Trusts are an essential part of most estate plans, even the plans of people with moderate wealth. You need to know the basics of trusts, especially the key terms and concepts of the most widely-used types of trusts.
Remember that a will goes through probate, so a husband and wife typically try to avoid it by using joint ownership or beneficiary designations. However, they’re often mistaken by believing the will still controls their estate.
Trusts can be useful in estate planning for passing on assets to your heirs. A grantor retained income trust (GRIT) is a specific type of trust that allows you to transfer assets, while still benefiting from the income they generate.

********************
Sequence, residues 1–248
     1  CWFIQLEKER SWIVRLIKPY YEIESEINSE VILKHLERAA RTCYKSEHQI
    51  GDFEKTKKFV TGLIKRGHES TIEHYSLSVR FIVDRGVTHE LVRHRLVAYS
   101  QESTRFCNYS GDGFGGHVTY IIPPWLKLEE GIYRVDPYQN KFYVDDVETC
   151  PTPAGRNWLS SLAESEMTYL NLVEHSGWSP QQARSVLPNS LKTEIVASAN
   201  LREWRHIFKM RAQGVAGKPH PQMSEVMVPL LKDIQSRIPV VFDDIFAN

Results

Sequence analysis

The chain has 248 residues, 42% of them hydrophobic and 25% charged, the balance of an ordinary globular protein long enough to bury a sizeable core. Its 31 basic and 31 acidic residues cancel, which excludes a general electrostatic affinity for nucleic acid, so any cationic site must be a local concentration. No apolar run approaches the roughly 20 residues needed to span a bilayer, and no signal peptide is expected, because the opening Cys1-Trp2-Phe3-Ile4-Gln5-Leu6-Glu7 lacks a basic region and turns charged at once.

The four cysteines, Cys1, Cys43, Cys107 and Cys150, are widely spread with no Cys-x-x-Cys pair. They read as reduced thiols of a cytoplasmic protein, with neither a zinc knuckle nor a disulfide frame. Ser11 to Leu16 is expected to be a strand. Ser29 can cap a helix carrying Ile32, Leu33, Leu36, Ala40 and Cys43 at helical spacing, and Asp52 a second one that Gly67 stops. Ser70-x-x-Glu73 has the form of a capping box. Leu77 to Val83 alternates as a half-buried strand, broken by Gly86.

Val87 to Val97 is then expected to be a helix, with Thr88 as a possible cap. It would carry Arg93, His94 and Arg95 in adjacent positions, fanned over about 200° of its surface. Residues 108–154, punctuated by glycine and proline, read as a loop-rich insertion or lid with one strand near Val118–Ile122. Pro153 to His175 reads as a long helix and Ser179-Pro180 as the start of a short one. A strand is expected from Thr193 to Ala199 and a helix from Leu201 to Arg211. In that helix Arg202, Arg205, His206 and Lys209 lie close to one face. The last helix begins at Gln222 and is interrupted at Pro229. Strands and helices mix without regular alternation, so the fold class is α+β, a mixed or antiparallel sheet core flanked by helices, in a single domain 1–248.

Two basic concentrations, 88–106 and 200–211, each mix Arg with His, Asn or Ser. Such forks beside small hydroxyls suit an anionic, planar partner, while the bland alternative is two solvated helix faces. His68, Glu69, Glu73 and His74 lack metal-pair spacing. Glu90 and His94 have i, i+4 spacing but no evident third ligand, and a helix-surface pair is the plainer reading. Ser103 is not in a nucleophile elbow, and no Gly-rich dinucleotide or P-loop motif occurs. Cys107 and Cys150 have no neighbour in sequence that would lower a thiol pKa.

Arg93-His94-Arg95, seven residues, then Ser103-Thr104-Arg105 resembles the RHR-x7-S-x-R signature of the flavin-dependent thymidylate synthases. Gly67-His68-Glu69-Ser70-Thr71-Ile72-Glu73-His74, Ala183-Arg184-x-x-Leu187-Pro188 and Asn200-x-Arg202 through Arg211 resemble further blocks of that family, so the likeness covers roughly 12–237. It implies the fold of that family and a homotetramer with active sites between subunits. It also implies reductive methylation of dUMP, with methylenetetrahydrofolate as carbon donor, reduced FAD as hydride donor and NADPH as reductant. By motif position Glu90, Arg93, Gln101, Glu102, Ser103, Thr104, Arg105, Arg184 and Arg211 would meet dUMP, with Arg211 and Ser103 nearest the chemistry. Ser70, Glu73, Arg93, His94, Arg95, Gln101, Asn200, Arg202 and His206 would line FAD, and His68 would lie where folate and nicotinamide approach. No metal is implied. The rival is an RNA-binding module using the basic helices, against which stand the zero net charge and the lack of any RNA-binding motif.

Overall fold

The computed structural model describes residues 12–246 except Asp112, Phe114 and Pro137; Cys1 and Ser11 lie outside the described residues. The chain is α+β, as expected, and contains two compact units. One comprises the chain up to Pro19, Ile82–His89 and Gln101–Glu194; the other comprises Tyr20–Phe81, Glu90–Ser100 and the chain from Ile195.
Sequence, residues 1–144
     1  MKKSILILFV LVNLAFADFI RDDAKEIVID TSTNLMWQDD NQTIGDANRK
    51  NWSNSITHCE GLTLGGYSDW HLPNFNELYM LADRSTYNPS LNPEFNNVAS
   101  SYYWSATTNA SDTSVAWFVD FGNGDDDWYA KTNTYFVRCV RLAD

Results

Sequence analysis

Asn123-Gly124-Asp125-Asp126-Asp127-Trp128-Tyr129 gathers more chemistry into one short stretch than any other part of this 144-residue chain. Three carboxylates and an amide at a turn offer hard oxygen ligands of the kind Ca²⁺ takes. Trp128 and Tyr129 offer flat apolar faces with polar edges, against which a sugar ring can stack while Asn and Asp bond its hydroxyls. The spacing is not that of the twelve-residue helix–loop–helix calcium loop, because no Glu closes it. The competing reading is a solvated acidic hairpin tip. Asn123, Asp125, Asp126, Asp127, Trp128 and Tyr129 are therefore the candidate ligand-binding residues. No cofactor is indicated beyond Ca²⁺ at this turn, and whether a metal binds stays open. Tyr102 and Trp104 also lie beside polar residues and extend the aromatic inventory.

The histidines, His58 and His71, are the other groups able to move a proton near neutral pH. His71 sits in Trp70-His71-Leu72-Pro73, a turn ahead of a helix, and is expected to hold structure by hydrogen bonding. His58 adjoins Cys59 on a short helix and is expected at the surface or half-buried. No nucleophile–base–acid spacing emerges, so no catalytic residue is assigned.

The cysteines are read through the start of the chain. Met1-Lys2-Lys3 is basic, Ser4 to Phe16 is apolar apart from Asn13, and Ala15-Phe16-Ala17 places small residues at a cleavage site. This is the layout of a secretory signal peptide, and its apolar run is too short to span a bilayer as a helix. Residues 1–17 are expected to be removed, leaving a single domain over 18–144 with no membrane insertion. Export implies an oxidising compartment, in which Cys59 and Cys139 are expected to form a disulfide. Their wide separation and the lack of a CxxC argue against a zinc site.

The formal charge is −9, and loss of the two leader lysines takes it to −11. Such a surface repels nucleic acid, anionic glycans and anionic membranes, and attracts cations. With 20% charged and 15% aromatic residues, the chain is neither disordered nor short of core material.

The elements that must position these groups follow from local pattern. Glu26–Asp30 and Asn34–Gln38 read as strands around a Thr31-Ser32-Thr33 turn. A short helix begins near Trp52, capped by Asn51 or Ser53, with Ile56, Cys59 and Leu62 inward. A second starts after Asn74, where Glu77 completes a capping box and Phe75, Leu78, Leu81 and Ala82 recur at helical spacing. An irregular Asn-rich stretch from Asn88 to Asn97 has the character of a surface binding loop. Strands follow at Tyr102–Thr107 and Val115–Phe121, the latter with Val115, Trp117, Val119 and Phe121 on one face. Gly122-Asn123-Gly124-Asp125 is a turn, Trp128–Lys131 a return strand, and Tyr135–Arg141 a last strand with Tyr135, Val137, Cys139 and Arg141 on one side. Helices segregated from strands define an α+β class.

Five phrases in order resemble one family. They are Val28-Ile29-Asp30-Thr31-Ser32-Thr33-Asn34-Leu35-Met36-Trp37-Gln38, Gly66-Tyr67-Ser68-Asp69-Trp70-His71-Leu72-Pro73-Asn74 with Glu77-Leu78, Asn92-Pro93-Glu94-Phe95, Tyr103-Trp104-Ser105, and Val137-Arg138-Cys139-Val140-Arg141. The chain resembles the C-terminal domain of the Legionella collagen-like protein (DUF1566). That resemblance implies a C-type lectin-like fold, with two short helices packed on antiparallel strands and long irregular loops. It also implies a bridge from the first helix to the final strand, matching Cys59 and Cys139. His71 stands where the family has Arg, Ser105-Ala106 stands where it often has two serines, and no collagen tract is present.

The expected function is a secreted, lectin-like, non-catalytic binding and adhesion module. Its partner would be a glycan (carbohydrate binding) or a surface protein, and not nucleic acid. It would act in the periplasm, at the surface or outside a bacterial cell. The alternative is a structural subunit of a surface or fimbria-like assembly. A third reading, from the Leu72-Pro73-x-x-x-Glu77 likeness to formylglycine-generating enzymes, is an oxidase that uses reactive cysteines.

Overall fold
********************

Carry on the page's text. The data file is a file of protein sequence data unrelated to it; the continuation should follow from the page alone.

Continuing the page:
Estate planning is an incredibly important tool, not just for the uber wealthy or those thinking about retirement. On the contrary, estate planning is something every adult should do.
If you are the parent of a person with special needs, you are well aware that the role you play is very different than it may be for other children. Properly planning to meet their financial needs, both in the immediate and long term, is a critical part of supporting your child. This support must often continue well past the typical age of adulthood, which means parents need to put in place financial tools to care for their children, in the event of the parents’ death.
Moving elderly parents into your home can bring daunting challenges and unexpected closeness. Over the past 20 years, parents living with their adult children has become increasingly common.
Estate planning generally focuses primarily on lifetime protection and post-death distribution of assets. Special needs planning focuses primarily on the individual beneficiary’s lifestyle and care needs.